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Dental Implants Keep Falling Out

You know that nightmare you have were some of your teeth just fall out? Well, I feel like I’m living that. I had four dental implant placed on my lower ridge. These were supposed to eventually have dentures anchored to them. I’m also getting two individual implants on my upper arch. Here is my problem. I’ve only had the implants about a week, and two of them have already fallen out. I have a few questions. First, should I be expected to pay for dental implants that fall out? Second, do I need to be worried about the other two? Third, should I bother getting the two upper ones? Fourth, is it possible to get working dental implants or do I need to find another alternative? Finally, if I do need to find the alternative, what do you recommend?


Dear Wallace,

Illustration of implant overdentures

I am sorry this has happened to you. I will tell you that most trained implant dentists have a 5% failure rate. Even then, most of them won’t fail for at least a year. Your dentist has a 50% failure rate in a week. There is something really wrong here. Priority number one will be figuring out why your dental implants failed.

Some Reasons for Dental Implant Failure

  • Development of an infection. This is generally accompanied by pain and/or a fever. This can happen if the dentures are not fit properly., often because of poorly fitting fixtures.
  • Diagnostic shortcuts. It is important for your dentist to determine if you have enough bone to support the dental implants. If you don’t, there is a bone grafting procedure which can be done.
  • The use of substandard implant fixtures. Some dentists will do this to increase their profits without raising their prices.
  • Incorrect placement of the implants.
  • Placing the dental crown before the bone has had enough time to fuse with the implant fixtures. Dentists call this premature loading.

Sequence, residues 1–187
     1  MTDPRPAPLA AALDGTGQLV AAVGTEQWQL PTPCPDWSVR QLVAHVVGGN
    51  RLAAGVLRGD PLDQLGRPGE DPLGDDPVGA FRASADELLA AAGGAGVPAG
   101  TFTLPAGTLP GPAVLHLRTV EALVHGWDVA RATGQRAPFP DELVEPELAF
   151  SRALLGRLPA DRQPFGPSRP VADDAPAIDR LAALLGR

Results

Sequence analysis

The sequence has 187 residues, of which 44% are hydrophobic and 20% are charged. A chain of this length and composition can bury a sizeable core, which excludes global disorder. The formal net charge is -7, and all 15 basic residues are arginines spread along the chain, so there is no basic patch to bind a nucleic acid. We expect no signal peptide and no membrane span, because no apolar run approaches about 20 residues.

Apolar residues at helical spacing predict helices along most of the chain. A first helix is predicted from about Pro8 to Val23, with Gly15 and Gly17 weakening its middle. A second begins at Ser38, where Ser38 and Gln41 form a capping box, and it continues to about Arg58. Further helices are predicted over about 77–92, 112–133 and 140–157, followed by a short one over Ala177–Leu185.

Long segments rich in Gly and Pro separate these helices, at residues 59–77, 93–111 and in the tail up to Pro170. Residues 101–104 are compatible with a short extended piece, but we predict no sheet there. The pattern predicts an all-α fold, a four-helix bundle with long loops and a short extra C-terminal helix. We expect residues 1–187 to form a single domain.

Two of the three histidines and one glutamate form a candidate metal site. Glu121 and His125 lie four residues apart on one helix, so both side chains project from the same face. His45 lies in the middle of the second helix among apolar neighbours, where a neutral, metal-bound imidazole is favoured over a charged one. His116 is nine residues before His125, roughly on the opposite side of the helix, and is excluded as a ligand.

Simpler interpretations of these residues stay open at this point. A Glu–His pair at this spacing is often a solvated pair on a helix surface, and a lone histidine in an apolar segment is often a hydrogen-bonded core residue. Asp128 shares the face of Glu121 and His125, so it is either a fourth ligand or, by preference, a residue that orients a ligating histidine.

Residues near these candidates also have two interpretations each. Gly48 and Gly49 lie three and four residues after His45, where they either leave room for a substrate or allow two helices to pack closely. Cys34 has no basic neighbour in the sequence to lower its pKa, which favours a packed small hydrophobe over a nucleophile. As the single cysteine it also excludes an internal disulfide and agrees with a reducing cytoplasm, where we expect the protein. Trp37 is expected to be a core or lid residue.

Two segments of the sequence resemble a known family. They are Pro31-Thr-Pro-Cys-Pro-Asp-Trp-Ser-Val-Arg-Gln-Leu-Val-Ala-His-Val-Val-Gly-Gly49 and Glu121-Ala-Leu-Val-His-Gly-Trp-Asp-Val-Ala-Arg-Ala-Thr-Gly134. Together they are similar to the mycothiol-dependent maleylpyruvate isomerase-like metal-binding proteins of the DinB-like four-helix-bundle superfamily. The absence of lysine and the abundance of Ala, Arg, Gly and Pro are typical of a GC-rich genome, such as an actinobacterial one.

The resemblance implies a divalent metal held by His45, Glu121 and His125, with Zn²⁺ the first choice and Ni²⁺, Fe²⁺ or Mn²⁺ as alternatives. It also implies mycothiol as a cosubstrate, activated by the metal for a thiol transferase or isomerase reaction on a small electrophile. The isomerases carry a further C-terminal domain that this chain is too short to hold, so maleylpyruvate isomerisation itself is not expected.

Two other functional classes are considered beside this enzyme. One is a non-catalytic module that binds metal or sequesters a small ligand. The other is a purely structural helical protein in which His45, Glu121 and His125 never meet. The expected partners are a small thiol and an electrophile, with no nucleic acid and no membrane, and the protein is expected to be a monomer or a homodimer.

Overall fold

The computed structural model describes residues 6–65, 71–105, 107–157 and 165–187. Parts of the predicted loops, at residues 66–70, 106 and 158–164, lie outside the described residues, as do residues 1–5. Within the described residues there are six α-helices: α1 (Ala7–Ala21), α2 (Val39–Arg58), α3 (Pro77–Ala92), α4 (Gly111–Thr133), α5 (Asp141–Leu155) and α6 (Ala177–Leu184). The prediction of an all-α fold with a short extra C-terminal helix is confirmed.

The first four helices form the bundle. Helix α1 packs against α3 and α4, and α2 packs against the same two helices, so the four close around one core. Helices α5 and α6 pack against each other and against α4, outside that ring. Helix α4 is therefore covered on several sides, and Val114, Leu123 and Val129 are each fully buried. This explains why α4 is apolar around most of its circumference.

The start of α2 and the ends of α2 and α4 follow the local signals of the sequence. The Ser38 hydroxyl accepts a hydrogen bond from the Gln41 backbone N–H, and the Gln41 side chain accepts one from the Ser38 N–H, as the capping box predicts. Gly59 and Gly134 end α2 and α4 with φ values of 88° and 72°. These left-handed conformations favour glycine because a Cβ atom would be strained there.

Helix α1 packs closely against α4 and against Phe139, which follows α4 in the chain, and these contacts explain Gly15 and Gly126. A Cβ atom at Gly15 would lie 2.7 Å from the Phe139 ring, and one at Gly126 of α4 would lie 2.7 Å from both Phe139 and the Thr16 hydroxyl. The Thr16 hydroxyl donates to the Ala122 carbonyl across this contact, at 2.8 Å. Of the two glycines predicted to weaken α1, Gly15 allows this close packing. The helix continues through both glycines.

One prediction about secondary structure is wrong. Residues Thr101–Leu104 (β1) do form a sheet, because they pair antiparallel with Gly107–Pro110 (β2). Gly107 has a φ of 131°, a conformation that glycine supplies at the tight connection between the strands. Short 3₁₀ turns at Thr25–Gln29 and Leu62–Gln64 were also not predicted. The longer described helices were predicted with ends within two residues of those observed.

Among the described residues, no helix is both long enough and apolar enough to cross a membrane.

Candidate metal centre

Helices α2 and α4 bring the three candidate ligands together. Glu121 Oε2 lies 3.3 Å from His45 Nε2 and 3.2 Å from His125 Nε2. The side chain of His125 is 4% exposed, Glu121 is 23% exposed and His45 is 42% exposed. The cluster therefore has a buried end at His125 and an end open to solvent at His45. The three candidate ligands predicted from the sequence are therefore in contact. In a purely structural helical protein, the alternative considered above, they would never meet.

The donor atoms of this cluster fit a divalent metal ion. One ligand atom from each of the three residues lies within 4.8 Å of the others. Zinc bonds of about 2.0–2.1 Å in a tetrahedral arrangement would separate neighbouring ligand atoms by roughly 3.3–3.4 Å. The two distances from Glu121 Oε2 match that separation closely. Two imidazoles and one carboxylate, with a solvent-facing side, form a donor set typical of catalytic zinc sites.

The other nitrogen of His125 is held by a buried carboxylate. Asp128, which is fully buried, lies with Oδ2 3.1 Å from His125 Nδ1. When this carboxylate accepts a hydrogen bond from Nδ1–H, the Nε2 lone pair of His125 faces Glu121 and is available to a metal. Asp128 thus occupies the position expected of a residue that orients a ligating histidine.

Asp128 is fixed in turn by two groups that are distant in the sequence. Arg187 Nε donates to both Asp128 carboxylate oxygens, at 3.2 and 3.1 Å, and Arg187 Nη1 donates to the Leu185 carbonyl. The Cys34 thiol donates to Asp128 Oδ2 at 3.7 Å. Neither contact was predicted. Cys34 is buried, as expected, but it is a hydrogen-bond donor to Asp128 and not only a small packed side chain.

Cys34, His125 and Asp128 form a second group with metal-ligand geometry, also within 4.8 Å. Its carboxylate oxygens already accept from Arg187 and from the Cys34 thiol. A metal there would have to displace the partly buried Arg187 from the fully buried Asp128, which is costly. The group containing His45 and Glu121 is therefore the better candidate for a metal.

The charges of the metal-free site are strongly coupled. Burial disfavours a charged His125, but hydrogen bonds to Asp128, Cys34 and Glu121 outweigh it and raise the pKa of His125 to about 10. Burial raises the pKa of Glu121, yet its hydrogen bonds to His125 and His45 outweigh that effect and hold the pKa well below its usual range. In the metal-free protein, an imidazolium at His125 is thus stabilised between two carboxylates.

As for your questions, here are my thoughts:
First, no, you should not have to pay for the failed dental implants, especially ones that failed this quickly. Should you be worried about the other two? Absolutely. Before you do anything else, I want you to see a dentist who has extensive post-doctoral training in dental implants. Don’t tell them who your dentist is, just what happened and ask if they can tell you what caused the failure. Without that information there is no point in moving forward.

Once that is pinpointed, he or she should be able to tell you how to proceed. If you are in good general health, there should be no problem getting dental implants or even the implant supported dentures you are working on. It will require some bone grafting first, but it is very likely you needed that anyway and, failure to obtain that information on the part of your dentist, was why they failed to begin with.

This blog is brought to you by Moline Cosmetic Dentist Dr. Thomas Goebel.

How Far Back Should Dentures Go?

I had to get lower dentures. They don’t cover my wisdom tooth area, which means I am pretty much just chewing on my gums. My dentist said this is normal, but it is very uncomfortable. Is there anything to do about it?


Dear Stan,


This is not normal and something your dentist could have prevented. The dentures should not only cover the wisdom tooth area, but go a little past it to what is called the retromolar pad. You don’t want the entire pad covered because that will interfere with any upper dentures you may have. That is the only limitation, however.

The solution, unfortunately, is to completely redo the denture. If you have already paid for it, then your dentist won’t have much incentive to replace it, unless he has a high sense of ethics. You could try showing your dentist this blog post and see if this helps. Before you do that, though, I want to make certain you understand the risks of completely removable dentures, especially lower dentures.

The Down Side of Dentures

Before and after facial collapse.
Before and after the side effects of facial collapse.

When your teeth are removed, your body recognizes that there are no longer any roots of your teeth in your jawbone that need to be supported. In an effort to be efficient with your body’s resources, it immediately begins to resorb the minerals in your jawbone in order to use them elsewhere. While a great way to handle your body’s resources, it has the unfortunate side effect of shrinking your jawbone. After ten or so years, you will no longer have enough of your lower jawbone to retain your dentures. In dental circles, this is known as facial collapse.

The solution to this is to have dental implants placed and secure your dentures to them. Some people call this implant overdentures. The dental implants serve as prosthetic teeth roots. Because you have “roots,” your body will preserve the minerals there in order to support the teeth.

This blog is brought to you by Moline Dentist Dr. Thomas Goebel.